Hong regroups after Cup losses
Korea lost to Japan, 2-1, at Jamsil Olympic Stadium in Seoul on Sunday, finishing third in the East Asian Cup, its worst standing in the four-nation tournament since a last-place finish in 2005.
Yoichiro Kakitani dented Hong’s confidence in what otherwise could have been a tight defense as the 23-year-old striker converted two surprising counterattacks into goals. Korea was ahead in ball possession, but failed to turn most of its chances into a threat except for Yun Il-lok’s first-half equalizer. It was the only goal scored by Korea since the former Olympic coach took over from Choi Kang-hee with a promise to impress the world with Korean-style football.
Korea’s chronic lack of a finishing touch was confirmed in Hong’s test of young players, who squandered 44 shots during the nine-day East Asian Cup. With two draws and a loss, Korea finished behind China, who beat Australia, 4-3, on Sunday. Australia finished last with two losses including a 3-2 loss to Japan on Thursday.
The loss to Japan was particularly disappointing for Korean fans, who wanted to see Hong’s magic that lifted his Olympic team over Japan for a bronze medal in London last year to continue with the senior side.
“It does not feel good to lose to a rival,” Hong said after Korea lost to Japan in their first duel in 13 years at Jamsil. Korea has dominated its East Asian arch-rival, with 40 victories against 13 losses and 22 draws ever since its national teams played against each other, but the loss on Sunday puts it in balance with four victories, four losses and six draws since 2000.
Hong started Kim Dong-sub as a sole striker against Japan, but the Seongnam Chunma forward struggled to break down the solid defense of the Alberto Zaccheroni side as he did against Australia on July 20. Alongside Yun, Go Yo-han, Lee Seung-gi, Ha Dae-sung and Lee Myung-joo backed up in the midfield to feed a chance to Kim, but Kakitani took them by surprise as he beat the offside trap and connected a long pass into the net in the 25th minute.
Yun leveled the score with a mid-range right-footer in the 33rd minute, the first goal in a Taegeuk uniform for the 21-year-old FC Seoul midfielder, but after a tedious second-half rally between the two teams, Kakitani capitalized on a crowded box before Korea to score about a minute into the second injury time.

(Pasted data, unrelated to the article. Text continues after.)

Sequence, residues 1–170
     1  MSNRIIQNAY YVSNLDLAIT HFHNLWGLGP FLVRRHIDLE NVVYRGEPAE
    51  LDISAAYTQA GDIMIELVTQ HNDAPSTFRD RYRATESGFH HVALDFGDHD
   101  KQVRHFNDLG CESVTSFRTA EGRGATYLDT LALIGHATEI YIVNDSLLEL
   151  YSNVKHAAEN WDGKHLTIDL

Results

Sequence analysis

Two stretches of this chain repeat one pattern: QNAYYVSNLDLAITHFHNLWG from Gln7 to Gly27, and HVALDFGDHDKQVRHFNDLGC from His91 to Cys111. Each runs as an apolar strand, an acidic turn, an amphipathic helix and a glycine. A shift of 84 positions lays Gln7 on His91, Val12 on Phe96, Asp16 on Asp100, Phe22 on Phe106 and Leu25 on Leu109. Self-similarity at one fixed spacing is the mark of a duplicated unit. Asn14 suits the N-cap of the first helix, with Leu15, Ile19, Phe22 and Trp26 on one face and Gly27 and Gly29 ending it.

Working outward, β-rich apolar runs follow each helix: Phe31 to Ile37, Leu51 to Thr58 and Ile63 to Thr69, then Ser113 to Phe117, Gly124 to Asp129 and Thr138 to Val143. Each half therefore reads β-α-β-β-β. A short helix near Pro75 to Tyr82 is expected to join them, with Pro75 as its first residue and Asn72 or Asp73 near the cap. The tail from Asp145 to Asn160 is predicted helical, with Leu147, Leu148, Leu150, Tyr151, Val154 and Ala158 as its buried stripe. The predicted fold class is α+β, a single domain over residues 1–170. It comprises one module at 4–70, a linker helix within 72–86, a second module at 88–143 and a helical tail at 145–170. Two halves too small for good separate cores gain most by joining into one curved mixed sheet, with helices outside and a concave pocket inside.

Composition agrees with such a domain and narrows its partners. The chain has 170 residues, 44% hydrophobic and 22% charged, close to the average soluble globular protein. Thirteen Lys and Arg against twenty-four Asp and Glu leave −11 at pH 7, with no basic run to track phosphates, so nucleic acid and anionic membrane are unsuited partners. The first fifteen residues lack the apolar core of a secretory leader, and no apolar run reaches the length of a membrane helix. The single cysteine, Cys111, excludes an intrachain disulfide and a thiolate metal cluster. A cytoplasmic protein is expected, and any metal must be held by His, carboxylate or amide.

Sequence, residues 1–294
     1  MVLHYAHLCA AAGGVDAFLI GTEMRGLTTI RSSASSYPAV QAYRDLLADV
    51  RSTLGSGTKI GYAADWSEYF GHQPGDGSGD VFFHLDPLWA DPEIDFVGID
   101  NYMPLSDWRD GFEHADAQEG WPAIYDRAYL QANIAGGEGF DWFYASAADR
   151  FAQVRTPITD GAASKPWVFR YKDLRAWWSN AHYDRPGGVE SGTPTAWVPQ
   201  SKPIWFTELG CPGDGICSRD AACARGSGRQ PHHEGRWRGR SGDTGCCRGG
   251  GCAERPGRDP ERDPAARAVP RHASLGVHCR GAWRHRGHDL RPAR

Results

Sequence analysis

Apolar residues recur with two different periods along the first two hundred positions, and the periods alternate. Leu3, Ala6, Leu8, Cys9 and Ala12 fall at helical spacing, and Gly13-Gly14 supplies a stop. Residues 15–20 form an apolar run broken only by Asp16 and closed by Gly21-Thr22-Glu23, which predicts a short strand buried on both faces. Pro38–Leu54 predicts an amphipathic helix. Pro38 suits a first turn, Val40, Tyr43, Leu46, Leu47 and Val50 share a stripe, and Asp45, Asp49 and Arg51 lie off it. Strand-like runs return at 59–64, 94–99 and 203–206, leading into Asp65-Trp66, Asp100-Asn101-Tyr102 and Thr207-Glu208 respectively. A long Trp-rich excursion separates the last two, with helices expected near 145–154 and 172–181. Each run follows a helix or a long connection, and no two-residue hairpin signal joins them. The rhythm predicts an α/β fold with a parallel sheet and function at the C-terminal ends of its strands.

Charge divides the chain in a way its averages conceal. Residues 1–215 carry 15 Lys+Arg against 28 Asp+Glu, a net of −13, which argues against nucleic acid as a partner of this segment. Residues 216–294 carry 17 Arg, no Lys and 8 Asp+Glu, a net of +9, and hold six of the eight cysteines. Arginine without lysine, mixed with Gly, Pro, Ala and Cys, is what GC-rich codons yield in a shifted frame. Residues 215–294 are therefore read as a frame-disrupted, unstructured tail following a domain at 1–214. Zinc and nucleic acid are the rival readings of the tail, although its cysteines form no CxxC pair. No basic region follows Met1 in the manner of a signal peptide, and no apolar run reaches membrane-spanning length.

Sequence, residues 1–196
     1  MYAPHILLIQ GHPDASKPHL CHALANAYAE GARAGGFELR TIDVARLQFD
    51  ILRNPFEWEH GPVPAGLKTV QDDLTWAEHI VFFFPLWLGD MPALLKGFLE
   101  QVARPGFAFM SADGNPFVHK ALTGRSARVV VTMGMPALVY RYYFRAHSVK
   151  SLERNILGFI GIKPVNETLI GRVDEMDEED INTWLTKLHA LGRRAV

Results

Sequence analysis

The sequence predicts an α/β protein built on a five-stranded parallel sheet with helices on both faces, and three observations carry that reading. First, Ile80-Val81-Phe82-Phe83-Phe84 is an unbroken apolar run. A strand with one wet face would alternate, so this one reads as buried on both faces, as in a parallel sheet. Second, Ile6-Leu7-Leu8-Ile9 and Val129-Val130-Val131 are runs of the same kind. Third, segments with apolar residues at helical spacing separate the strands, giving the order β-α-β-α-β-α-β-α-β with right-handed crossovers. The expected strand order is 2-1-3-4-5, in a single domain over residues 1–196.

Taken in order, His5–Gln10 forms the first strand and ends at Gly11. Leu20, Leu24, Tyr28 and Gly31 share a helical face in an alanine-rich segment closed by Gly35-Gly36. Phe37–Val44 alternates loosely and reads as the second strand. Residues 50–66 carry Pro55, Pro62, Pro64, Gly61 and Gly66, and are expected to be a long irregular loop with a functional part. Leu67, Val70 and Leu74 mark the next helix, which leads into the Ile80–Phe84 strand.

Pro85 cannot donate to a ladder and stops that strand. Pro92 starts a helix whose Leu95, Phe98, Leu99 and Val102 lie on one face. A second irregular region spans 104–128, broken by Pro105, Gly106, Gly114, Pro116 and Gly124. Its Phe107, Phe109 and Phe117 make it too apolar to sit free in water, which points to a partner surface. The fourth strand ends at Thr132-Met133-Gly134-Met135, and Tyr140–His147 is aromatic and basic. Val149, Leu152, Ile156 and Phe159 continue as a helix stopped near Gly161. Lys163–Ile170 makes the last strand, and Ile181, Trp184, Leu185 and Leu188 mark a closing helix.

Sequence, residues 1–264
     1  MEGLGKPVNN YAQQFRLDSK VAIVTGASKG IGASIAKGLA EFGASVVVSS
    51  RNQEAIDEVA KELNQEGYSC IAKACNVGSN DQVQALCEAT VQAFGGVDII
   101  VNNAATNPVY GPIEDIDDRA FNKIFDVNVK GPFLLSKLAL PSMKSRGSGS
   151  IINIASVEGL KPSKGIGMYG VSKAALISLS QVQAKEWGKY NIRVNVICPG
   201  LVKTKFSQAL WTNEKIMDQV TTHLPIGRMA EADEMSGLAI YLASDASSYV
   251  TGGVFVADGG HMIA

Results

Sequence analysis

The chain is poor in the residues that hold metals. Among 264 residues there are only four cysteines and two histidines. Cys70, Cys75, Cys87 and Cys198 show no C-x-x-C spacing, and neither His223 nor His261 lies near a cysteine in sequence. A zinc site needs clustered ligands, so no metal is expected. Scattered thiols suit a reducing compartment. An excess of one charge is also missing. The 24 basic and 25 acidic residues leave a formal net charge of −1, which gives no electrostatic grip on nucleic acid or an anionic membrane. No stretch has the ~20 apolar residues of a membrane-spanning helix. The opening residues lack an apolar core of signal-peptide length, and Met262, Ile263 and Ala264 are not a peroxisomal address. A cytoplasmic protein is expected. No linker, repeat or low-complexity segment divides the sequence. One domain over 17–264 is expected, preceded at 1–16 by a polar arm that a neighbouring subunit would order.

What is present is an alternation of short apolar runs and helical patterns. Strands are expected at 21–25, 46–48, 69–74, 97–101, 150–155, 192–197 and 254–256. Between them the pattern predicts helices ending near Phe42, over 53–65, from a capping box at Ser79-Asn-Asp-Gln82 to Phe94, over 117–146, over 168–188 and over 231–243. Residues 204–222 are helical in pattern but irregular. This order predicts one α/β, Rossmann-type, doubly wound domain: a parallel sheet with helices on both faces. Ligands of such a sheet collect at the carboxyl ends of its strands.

Hong defended his players, saying they did their best in the Japan match. “I don’t know how the people would think, but I would like to applaud the players for their efforts,” Hong said.
His players echoed their coach.
“We had a good play, but the result was not good and I’m sorry for that,” said goalie Jung Sung-ryong, who kept Korea’s post at all three games during the East Asian Cup.
Jung said that he believes his team is on a learning curve in the run-up to the 2014 Brazil World Cup.
“We learnt much while playing this event,” he said.
Ha, who assumed captaincy of Hong’s squad against Japan, said that the national team has become more organized since Hong took charge. The communication among the team members also improved, he said. “We will get ourselves well prepared in the remaining time and will show our improvement,” Ha said.
Hong said that the East Asian Cup helped him learn the merits and shortcomings of each of his players.
“I will have to think about with which players and with which strategies we should get prepared for the next games,” Hong said.
Hong will announce a new roster ahead of a friendly match with Peru on Aug. 14 and summon the team on Aug. 12.
BY MOON GWANG-LIP [firstname.lastname@example.org]